The killing of Ayatollah Mohammad Baqr al-Hakim has added new urgency to the question that surfaced when Saddam Hussein's regime collapsed in April: Who speaks for the Iraqi Shia?
Comprising some 60% of the Iraqi population and convinced they have long been denied a fair share of power, the Shia are a factor no-one can ignore.
Shias blame Saddam Hussein's supporters for the attacks
They will need to be represented fairly in the new Iraq. But how?
The Shia are divided between the secular and the religious, and their clergy are divided between activist and "quietist" traditions.
These two traditions compete for influence within the Hawza, or seminary, in the holy city of Najaf in the Shia heartland of southern Iraq.
The Hawza is the main source of authority for the Iraqi Shia.
The Hawza's most senior figure, Ayatollah Ali Sistani, follows the quietist trend. In other words, he believes the clergy should provide spiritual leadership but, as far as possible, steer clear of politics.
But even he has felt the need to say something about the central issue of the day - whether to work with the country's American-led administration or boycott it.
The motive may have been to sow fear and division among the Shia, and provoke tension between the country's Shia majority and Sunni minority
Ayatollah Sistani's message to the Iraqi Shia is: "We should co-operate with the Americans, and wait to see whether they will do what they have promised - and hand over power to the Iraqi people."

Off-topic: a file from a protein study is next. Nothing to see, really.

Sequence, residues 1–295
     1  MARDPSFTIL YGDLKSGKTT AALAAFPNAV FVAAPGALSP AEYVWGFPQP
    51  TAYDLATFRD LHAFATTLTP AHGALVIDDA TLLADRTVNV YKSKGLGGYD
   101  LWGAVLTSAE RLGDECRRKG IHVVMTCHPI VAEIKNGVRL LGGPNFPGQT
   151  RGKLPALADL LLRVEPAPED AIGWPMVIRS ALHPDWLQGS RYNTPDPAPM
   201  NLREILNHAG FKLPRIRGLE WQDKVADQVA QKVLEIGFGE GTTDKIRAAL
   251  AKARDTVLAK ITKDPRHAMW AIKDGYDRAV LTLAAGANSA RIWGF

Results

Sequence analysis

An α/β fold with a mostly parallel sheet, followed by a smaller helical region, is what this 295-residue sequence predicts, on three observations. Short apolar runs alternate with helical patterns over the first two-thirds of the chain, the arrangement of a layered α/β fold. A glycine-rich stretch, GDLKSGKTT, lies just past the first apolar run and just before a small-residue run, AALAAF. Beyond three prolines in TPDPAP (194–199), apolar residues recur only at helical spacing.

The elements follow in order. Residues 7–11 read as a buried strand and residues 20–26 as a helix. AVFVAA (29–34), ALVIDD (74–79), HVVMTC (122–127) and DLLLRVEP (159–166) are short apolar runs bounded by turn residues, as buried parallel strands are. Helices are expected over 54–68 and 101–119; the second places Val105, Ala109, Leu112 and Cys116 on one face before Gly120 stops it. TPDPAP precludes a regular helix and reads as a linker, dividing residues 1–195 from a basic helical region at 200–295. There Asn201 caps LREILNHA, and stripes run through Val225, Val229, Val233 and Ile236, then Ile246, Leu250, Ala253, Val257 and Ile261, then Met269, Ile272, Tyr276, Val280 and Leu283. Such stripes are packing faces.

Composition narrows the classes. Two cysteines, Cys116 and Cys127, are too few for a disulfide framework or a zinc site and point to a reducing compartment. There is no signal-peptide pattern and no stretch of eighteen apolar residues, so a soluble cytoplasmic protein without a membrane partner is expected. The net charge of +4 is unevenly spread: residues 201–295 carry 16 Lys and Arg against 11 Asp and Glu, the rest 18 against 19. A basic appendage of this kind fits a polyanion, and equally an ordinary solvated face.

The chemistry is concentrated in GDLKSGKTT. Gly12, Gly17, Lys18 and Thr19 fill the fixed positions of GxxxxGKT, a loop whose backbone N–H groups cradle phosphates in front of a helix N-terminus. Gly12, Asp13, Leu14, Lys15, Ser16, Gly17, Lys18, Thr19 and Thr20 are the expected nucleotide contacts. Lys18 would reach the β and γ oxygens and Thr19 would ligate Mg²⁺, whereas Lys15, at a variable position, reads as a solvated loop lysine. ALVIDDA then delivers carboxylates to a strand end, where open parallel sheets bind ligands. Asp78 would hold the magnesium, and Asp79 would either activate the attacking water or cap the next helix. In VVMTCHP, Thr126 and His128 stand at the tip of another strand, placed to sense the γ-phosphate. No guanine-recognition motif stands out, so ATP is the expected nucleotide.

That is the view of most of the senior clerics, and it was also the view of Ayatollah Mohammad Baqr al-Hakim, the religious and political leader killed in Friday's car bomb attack.
The radical challenge
But it is a view that has come under strong attack from a more militant faction led by a radical young Shia, Muqtada al-Sadr.
The son of a popular ayatollah - killed, most Shia believe, by agents of the Saddam regime - Muqtada al-Sadr urges Shias to oppose the occupation.
He hints at the need for resistance, while stopping short of open incitement to violence.
The Sadr group has been blamed for earlier acts of violence. In April a prominent cleric, Abdel-Majid al-Khoei, who had returned from exile in Britain, was killed by an angry crowd in Najaf.
Ayatollah Hakim's death has intensified the crisis of leadership confronting the Iraqi Shia
In late August, there was an unsuccessful attempt to assassinate Ayatollah Hakim's uncle, also a prominent cleric.
Muqtada al-Sadr has vigorously denied involvement in these attacks or in the killing of Ayatollah Hakim.
But there can be no doubt that his angry criticism of senior clerics, whom he has denounced for passivity in the face of foreign occupation, has contributed to the mood of tension and anxiety within the Shia community.
Ayatollah Hakim's death has intensified the crisis of leadership confronting the Iraqi Shia.
It has weakened his movement, the Supreme Council for the Islamic Revolution in Iraq (Sciri).
He founded Sciri in Iran, after fleeing Saddam's persecution, and ran it from Tehran for more than 20 years before returning home earlier this year.
Hakim's younger brother, Abd-al-Aziz, is one of the 25 Iraqis chosen by the Americans in July to form the Iraqi Governing Council - an interim body designed to pave the way for an elected government.
Questions are being asked about security flaws that led to the murder of the cleric
But Abd-al-Aziz lacks his brother's authority.
Most Iraqis believe Ayatollah Hakim was killed by Sunni Muslims loyal to the old Saddam regime or by Sunni militants who have entered the country from outside.
Religious leaders are warning against the danger of sectarianism.
Whoever carried out last week's car-bomb attack, the motive may have been to sow fear and division among the Shia, and provoke tension between the country's Shia majority and Sunni minority.
The need for leadership could hardly be greater.